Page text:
College students nationwide are seeing the long-term effects of virtual learning reflected in their test scores. Many students who ended high school virtually now report feeling behind in the classroom. 

An April 2022 study by McKinsey and Company, a global management consulting company, found that students across the globe are eight months behind where they would have been academically without the pandemic. 

Analyzing this study, Danielle DaSilva, a calculus tutor at Elon University, said she’s worried about what the future could look like for incoming students. 

“I feel like the amount of students who feel hopeless will just increase over the next couple of years as students recognize this learning loss in the future,” she said. 

DaSilva said she currently sees students struggle with study habits and retaining material, since many, especially the freshmen, finished high school virtually. 

“The freshmen haven't had an in-person class in two years, and they haven't taken a test in about two years,” DaSilva said. “Getting back into the habit of having to study, of not always having your notes with you. It's something that a lot of people have really struggled with.”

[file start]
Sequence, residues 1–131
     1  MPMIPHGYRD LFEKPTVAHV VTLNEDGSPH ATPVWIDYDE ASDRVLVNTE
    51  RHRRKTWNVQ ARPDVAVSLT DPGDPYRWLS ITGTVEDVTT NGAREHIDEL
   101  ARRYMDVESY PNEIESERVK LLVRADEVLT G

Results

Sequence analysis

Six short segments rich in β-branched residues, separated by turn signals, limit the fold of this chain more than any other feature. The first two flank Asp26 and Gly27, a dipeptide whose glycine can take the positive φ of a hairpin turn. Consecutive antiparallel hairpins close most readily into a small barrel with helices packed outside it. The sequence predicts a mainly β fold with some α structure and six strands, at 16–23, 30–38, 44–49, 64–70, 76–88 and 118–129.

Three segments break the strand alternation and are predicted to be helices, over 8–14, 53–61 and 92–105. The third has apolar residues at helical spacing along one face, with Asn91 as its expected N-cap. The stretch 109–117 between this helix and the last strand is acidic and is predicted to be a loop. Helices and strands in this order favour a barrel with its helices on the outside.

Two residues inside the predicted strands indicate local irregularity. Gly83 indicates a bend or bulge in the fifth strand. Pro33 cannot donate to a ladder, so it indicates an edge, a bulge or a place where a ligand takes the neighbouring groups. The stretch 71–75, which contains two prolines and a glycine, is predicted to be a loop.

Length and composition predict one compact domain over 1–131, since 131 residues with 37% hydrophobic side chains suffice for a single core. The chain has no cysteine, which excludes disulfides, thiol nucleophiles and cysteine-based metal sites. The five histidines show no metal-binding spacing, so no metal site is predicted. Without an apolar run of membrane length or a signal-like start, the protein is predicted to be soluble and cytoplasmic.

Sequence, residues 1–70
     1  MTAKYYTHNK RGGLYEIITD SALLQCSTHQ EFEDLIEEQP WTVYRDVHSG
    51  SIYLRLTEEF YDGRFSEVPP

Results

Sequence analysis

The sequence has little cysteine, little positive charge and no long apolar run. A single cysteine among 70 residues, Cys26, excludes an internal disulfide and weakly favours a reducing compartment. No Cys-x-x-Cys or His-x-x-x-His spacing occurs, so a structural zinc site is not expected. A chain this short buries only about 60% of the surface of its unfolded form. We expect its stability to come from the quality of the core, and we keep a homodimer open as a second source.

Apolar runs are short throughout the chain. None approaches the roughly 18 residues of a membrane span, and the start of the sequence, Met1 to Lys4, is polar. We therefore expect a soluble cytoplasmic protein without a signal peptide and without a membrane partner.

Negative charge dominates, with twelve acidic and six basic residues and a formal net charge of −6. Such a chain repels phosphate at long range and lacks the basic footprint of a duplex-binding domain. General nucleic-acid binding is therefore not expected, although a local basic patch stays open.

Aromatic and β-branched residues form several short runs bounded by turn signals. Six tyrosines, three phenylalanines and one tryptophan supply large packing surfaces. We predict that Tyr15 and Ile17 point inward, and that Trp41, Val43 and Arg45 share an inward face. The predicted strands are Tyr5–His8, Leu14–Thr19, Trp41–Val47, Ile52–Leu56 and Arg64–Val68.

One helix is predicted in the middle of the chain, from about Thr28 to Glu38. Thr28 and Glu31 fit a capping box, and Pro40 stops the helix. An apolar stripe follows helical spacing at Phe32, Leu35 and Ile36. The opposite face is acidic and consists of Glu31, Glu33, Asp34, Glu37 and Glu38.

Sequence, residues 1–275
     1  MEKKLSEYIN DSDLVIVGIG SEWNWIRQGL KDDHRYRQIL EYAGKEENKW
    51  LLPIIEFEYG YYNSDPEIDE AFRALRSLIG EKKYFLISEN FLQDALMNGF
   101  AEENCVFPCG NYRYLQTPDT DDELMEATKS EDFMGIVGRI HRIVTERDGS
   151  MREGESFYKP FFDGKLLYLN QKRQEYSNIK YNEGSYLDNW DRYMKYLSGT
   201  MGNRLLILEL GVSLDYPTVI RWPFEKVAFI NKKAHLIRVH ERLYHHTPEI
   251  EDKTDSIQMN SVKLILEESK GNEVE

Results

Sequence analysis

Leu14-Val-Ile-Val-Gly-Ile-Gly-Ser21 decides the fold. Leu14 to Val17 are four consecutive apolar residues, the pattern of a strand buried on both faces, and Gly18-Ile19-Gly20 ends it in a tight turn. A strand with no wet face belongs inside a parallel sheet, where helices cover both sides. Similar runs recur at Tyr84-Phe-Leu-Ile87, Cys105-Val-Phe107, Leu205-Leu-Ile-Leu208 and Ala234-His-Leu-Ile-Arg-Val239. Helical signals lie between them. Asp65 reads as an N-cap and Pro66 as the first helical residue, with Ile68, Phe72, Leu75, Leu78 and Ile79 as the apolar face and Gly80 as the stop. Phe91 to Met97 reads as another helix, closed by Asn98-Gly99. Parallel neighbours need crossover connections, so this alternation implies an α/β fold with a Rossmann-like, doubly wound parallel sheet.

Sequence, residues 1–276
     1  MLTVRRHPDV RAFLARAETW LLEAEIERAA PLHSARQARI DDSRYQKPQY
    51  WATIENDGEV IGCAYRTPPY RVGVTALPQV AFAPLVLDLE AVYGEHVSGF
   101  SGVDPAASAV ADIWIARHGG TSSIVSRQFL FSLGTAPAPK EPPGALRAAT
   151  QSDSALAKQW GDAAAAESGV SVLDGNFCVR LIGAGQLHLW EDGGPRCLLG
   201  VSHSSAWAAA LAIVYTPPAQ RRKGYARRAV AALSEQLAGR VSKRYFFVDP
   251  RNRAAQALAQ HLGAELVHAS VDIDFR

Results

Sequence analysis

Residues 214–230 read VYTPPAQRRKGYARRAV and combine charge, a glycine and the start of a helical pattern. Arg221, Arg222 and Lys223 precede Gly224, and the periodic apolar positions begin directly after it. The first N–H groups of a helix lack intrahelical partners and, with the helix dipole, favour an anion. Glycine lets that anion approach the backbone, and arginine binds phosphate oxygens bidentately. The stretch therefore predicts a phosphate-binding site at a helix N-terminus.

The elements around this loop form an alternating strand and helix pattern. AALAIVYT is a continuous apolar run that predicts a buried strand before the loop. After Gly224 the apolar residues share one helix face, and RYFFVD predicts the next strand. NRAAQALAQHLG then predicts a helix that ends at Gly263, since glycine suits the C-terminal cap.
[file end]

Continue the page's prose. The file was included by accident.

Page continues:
According to an earlier study by McKinsey and Company published in July 2021, test scores for students in kindergarten through fifth grade were about nine points lower in reading and ten points lower in math compared to 2019. This is the equivalent of being five months behind in math by the end of the school year, according to the study. McKinsey and Company’s study also stated that experts worry that, by the time students reach high school, they will be less likely to graduate on time. 

Similarly, North Carolina’s Department of Public Instruction reported a negative impact on test scores for almost all subjects over the same periods of time. 

DaSilva’s boss and Director of Learning Assistance James Holsinger agreed that the problems are getting worse as tutors are often fully booked. DaSilva said students were making appointments with her weeks in advance during the past fall semester. Holsinger said he’s worried that supply might not meet demand in the coming years. 

“It doesn't usually or almost never happens for us, but it could,” Holsinger said. “We keep track at the end of the semester, at the end of the academic year.  We always look very closely to see what courses that we had the highest usage and how many tutors we have employed coming into the next year to meet that.”

With finals season now happening as the academic year is coming to an end, this is something DaSilva has experienced, as her weeks of availability continue to be booked far in advance. 

“It's a lot of pressure, but at the same time, the tutoring supervisors do a good job of reminding us that it's not our job to ensure that a student does well,” DaSilva said. “It's simply our job to help them.”  

Holsinger and DaSilva agree that tutoring is a way you can help refresh your memory and relearn material.